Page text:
THE Scottish National Investment Bank has made “clear progress” in its inaugural year and is “well positioned” to deliver environmental, social, and financial returns for the people of Scotland.
Today, the Bank has published its first full year accounts.
Launched in November 2020, it was established to be a development investment bank, delivering patient, mission impact investment to the Scottish economy.
In the year to March 31st, millions of pounds of support have been invested diversely in different sectors and geographies across the country.
Companies such as Highland Coast Hotels, Lothian Broadband Group and Aberdeen Harbour have all been backed by the Bank, each of which delivered against one or more of the Bank’s missions.
The focus for 2022 has been to build on the foundations laid since launch and has seen the Bank:
- Invest over £140 million in 12 businesses and projects across Scotland
- Leverage a further £327 million of backing from other private and public sector investors
- Increased net assets from £31.4 million to £165.4m at year end
- Recruit a diverse and talented team, more than doubling the headcount
Interim Chief Executive Sarah Roughead said: “The Bank has demonstrated its ability to be a catalyst for private investment into businesses and projects aligned to its missions. In doing so the Bank has established itself as a credible financial institution within Scotland’s finance community.”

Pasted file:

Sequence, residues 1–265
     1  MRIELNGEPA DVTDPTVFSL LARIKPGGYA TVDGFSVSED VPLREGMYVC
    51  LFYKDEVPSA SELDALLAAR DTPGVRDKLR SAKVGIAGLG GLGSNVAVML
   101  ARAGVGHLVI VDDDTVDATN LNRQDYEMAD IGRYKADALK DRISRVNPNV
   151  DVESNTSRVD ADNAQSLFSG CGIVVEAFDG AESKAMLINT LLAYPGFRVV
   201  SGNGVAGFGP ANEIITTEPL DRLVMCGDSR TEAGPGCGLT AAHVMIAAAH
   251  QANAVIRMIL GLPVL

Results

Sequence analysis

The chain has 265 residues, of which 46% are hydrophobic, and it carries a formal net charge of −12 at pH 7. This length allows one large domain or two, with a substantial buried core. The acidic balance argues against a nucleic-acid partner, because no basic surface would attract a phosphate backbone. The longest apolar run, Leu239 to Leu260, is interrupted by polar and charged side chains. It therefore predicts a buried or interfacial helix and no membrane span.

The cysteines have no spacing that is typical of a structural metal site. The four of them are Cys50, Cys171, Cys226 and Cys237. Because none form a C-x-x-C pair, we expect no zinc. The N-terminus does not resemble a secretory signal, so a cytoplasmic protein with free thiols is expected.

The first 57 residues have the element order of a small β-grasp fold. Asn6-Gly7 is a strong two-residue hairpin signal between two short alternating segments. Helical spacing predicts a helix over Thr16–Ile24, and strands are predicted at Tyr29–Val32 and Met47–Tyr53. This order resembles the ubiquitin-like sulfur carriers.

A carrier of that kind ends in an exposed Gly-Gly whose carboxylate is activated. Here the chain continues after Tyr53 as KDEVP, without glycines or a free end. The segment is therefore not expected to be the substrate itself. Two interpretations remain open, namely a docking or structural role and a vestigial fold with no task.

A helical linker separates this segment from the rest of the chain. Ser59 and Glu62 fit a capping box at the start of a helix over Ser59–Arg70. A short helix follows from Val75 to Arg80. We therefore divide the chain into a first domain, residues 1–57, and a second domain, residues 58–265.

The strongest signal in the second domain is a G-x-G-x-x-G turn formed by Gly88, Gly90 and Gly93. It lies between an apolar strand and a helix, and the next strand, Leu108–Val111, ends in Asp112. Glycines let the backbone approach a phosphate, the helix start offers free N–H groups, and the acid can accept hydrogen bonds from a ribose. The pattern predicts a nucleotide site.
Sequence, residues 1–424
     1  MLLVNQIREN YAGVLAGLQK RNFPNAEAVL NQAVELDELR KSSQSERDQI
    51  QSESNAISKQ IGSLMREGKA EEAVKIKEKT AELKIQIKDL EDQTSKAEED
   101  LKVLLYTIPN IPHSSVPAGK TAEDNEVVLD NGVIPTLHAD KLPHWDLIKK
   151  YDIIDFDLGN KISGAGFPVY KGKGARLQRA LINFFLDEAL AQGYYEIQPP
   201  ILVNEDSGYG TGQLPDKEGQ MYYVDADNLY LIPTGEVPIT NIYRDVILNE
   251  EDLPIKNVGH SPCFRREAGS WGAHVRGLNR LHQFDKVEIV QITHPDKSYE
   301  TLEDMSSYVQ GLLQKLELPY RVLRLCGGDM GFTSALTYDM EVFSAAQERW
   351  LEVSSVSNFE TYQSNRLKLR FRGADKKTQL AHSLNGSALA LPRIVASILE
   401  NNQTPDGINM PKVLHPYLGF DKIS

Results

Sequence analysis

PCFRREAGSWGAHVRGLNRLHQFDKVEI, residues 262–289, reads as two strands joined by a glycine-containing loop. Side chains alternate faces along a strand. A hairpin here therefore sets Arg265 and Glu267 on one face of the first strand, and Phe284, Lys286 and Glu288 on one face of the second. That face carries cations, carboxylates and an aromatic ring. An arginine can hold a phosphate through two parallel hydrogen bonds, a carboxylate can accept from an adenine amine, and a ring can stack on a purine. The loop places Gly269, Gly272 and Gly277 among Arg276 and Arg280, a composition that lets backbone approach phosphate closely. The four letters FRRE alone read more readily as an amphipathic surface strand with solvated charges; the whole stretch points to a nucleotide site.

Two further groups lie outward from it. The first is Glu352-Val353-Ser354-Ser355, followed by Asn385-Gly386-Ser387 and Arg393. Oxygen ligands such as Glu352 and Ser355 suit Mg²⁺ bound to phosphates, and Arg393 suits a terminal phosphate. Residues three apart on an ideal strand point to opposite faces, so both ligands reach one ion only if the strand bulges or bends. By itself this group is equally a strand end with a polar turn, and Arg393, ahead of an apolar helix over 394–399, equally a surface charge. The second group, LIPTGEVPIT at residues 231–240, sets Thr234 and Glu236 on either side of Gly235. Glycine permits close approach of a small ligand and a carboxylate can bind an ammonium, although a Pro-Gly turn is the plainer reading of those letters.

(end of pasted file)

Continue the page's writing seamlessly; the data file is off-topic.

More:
The Bank’s investments have ranged from £1 million to £50 million across a variety of deal structures– debt, equity, and fund investments. All opportunities the Bank considers are aligned to its missions and are commercial investment opportunities.
Looking forward Sarah Roughead added: “As our portfolio and networks grow, the Bank aims to offer deeper insights, working as a conduit between both policy makers and business leaders.
“This, together with continuing to increase awareness of the Bank in the wider ecosystem, will be an area of focus for next year.”
An unrealised loss of £3.4 million has been recognised in the financial year, largely due to the early valuation profile of fund investments where unrealised losses are entirely expected followed by capital appreciation in later years.
As a development bank, it is required to take increased risk with investments to prove the commercial viability of new markets and technologies, or to bridge an investment gap where the risk is perceived to be too high for private sector investors.
Chairman of the Bank Willie Watt said: “This has been a year in which investment activity has ramped up and tangible impacts are manifesting themselves with our portfolio.
“The Bank is acting as a catalyst to encourage investment in businesses or projects in the private and third sector in which it may otherwise be challenging to obtain funding.
“I am excited about the future; we have a strong team in place and are well placed to continue to deliver impact investment which has a material impact on the Scottish economy.”